The white spirits industry in the UK is the largest in Europe and is home to the biggest brands in the world. The sector is growing very sharply and has recorded a growth of nearly 30 % in the last five years. Britons can possibly speak with pride of one indigenous industry where the growth rate matches that of China! This significant spurt in drinking, while good for the sales figures and profits of the big alcohol companies is causing serious concern to responsible citizens as well as to alcohol control lobbies who fear an increase in alcohol abuse and related social problems.
This assignment examines the broad boundaries of the white spirits industry in the UK, the current business environment and issues of import to the industry, and the extent of research material available to conduct a far more detailed analysis of specific industry issues. The sources used for this assignment, some of which have been used for in-text citations have been listed in the bibliography at the end of the assignment. 1. Boundaries of the White Spirits Industry of the UK. The White Spirits industry is an important component of the alcohol industry.
While it does share production processes and markets with the wider liquor business, it has always been differentiated from other coloured spirits, wine and beer and considered to be a separate entity. An industry can of course be defined as “a set of organisations that produce similar products or services, using similar technologies and sell these into similar markets”. This definition is perhaps a trifle inadequate in todays essentially globalised, perpetually dynamic and technologically volatile business scenario.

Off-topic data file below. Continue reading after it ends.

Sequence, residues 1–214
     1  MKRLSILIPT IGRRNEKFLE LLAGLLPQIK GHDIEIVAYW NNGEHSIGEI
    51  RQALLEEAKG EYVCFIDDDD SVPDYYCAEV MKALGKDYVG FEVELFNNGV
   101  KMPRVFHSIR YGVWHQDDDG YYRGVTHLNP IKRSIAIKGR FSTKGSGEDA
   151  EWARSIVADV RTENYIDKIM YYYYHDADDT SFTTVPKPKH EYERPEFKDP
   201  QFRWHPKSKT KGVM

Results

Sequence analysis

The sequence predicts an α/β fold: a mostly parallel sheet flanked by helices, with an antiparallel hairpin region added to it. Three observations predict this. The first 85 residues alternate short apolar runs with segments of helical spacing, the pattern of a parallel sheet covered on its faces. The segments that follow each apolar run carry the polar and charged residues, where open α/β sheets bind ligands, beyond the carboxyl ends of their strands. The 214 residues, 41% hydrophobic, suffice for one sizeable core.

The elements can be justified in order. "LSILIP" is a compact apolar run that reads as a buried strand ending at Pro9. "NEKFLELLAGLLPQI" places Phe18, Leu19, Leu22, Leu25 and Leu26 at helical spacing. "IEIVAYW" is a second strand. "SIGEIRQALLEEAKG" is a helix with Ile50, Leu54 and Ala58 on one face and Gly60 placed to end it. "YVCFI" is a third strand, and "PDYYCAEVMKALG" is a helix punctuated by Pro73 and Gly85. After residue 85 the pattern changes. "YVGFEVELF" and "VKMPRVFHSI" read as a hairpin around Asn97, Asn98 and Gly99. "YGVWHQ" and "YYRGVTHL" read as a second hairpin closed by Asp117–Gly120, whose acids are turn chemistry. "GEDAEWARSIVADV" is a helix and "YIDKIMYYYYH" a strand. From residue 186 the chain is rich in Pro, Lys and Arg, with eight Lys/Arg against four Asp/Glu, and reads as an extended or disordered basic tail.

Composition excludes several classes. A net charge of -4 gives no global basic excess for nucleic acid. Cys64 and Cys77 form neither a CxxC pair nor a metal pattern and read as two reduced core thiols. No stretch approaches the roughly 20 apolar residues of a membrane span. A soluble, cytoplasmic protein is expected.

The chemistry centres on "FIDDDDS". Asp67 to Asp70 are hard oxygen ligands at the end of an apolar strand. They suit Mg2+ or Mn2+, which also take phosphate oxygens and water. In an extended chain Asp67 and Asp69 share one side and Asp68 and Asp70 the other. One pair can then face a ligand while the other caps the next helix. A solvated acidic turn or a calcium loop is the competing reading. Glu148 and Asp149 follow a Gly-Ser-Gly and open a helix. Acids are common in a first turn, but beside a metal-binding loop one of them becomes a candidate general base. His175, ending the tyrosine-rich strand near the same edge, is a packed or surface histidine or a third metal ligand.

There are a number of industries in which organisations use sharply different technologies and processes for the same end product and sell them into totally different markets. The mobile phone industry is one such stark example where technologies and markets are changing every day. Even for traditional and uncomplicated products like white spirits, the industry, apart from sharing similar production processes, is also bound together by specific legislation as well as by advertising and marketing restrictions that could be official or self imposed.
The white spirits industry has traditional production processes that are more or less similar for all industry members. However individual companies do have their own production norms and processes that are used to differentiate their products from their competitors. The industry deals with specific products. “The main `white spirits’ sold in the UK are vodka, gin, white rum and tequila. ” (White Spirits, 2006) Product boundaries are specifically demarcated. The product range does not however include spirits like whisky or rum nor does it include other alcoholic products like cream liqueur, wine or beer.
Very interestingly, white wine, even though it is colourless is not included in the range of white spirits. The market for white spirits is also specifically demarcated and the clientele is restricted to adults; sales of the product not being permitted to specific age groups. The industry also has specific advertising restrictions. Ofcom and the Advertising Standards Association have a certain amount of control on the industry and these also create boundaries.
Apart from these, it would naturally be assumed that references to the White Spirits Industry of the UK will include white spirits produced and sold inside the United Kingdom. Production and Sales volumes for the industry would thus be analysed with regard to the amount produced and sold within the UK. Analysis of sales and marketing efforts for the industry in the UK would certainly need to consider current and proposed anti alcoholic legislation in the UK as well as locally applicable advertising constraints.